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2015 HOSA NLC: Dream – Inspire – Lead

Wednesday, June 24th, 2015

state officers receiving award - most professional stateToday the 38th Annual HOSA National Leadership Conference begins in Anaheim, California. More than 8,500 future health professionals from 50 states and territories will join together to compete in 47 competitive events and experience HOSA at its absolute best. Members will participate in educational and social learning activities, tour healthcare facilities, and visit exhibits presented by professional healthcare associations.

Join the conference by watching HERE.

>Day 1: Wednesday, June 24 at 7:30 p.m. PDT
>Day 2: Thursday, June 25 at 7:00 p.m. PDT
>Day 3: Friday, June 26 at 4:00 p.m. PDT
>Day 3: Friday, June 26 at 8:00 p.m. PDT

View Conference Guide
Follow HOSA on Twitter #HOSAnlc2015
Like HOSA on Facebook #HOSAnlc2015
Watch HOSA on YouTube
Get the HOSA National Leadership Conference app. The app is free and is available on iPhone, iPad, and Android devices.

View the list of Utah state winners. The first place winner from each category is in Anaheim, California to compete at the HOSA National Leadership Conference.

“This year marks great strides for our organization; it will be HOSA’s 31st year of continuous growth, as we surpass the 180,000 membership mark!”

—Hugo Quezada, National HOSA President

Meet Taylar Brown: Future Nurse

Monday, May 4th, 2015

Taylar Brown“I just completed my CNA course, where I discovered a passion for both medical terminology and first aid. This led me to apply for the EMT course. I soon learned that by taking these two courses and having my CNA and EMT license, I have the potential to work in the emergency room as a CNA at a hospital. Working in an emergency room is something I have always thought would be an exciting and satisfying job. I love the idea of having to be quick on my feet and constantly thinking about what to do next. I feel that this is my passion because it fits my personality.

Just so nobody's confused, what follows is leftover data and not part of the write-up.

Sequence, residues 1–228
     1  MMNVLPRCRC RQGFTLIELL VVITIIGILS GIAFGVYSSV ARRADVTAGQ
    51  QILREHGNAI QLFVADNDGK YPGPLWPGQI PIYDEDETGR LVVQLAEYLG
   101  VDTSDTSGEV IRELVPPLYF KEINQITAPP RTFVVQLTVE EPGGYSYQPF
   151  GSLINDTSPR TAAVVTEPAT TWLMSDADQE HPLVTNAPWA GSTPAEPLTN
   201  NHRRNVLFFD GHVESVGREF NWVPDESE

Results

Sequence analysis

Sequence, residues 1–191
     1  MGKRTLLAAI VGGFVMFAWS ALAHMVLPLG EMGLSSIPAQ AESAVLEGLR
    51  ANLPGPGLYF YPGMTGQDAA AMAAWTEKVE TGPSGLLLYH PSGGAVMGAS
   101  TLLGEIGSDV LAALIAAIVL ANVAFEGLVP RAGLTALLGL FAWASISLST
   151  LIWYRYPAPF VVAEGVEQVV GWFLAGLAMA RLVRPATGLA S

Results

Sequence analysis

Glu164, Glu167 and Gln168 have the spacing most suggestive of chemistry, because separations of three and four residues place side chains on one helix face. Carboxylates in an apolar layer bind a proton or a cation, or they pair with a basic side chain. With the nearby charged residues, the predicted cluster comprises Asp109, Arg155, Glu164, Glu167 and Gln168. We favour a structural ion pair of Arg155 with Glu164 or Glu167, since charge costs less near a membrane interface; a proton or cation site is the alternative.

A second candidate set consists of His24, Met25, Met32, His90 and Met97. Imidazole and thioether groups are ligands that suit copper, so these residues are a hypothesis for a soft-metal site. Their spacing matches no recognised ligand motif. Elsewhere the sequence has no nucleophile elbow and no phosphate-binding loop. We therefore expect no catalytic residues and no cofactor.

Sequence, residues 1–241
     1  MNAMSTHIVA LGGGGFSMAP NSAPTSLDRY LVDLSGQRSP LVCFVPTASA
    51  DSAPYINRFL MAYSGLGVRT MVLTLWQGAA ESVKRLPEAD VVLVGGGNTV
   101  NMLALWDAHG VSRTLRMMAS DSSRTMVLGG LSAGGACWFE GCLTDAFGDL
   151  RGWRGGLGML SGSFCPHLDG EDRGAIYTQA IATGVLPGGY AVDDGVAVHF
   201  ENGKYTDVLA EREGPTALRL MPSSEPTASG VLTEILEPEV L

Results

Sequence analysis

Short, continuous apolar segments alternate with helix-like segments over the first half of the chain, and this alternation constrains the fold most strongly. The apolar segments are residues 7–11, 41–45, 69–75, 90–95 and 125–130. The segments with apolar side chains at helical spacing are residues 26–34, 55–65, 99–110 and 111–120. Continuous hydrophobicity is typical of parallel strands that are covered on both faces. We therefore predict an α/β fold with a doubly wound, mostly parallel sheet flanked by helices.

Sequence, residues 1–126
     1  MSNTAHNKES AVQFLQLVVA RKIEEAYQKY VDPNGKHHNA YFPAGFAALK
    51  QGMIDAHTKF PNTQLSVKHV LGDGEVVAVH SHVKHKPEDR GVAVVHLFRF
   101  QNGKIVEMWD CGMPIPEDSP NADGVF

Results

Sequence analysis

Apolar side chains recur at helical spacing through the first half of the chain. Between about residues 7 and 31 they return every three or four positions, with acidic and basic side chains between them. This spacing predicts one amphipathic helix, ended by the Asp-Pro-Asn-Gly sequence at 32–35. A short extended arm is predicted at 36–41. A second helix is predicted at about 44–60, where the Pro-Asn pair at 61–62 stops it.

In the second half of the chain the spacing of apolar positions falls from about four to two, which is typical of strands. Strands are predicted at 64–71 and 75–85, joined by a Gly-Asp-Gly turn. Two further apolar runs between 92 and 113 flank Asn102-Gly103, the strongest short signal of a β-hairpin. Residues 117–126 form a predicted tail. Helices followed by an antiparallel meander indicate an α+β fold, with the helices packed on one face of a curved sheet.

“By taking the CNA and EMT courses in high school, through the Career and Technical Education Therapeutic Services Nursing Pathway, I’m better prepared to enter the workforce. These courses allowed me to gain hands-on learning and on-the-job training through internships, and receive instruction from actual teachers who work in the field. I can leave high school with experience that enables me to enter the workforce in a meaningful field, as opposed to an entry-level position making minimum wage.”

—Taylar Brown, Riverton High School

UtahCTE.org congratulates Taylar on the CTE Scholarship and Tuition Award she received to Salt Lake Community College. Taylar was  one of 102 students honored at the CTE Scholarships and Tuition Awards banquet on Tuesday, April 28, 2015.

Virtual Healthcare Interactive: Mother-Infant

Thursday, April 16th, 2015

JATC_HS_IMG_2732On Thursday, April 23, 2015, Utah Career and Technical Education (CTE) high school students across the state of Utah will participate in a Virtual Healthcare Interactive (VHI) live broadcast, in partnership with the Utah State Office of Education (USOE) and Intermountain Healthcare.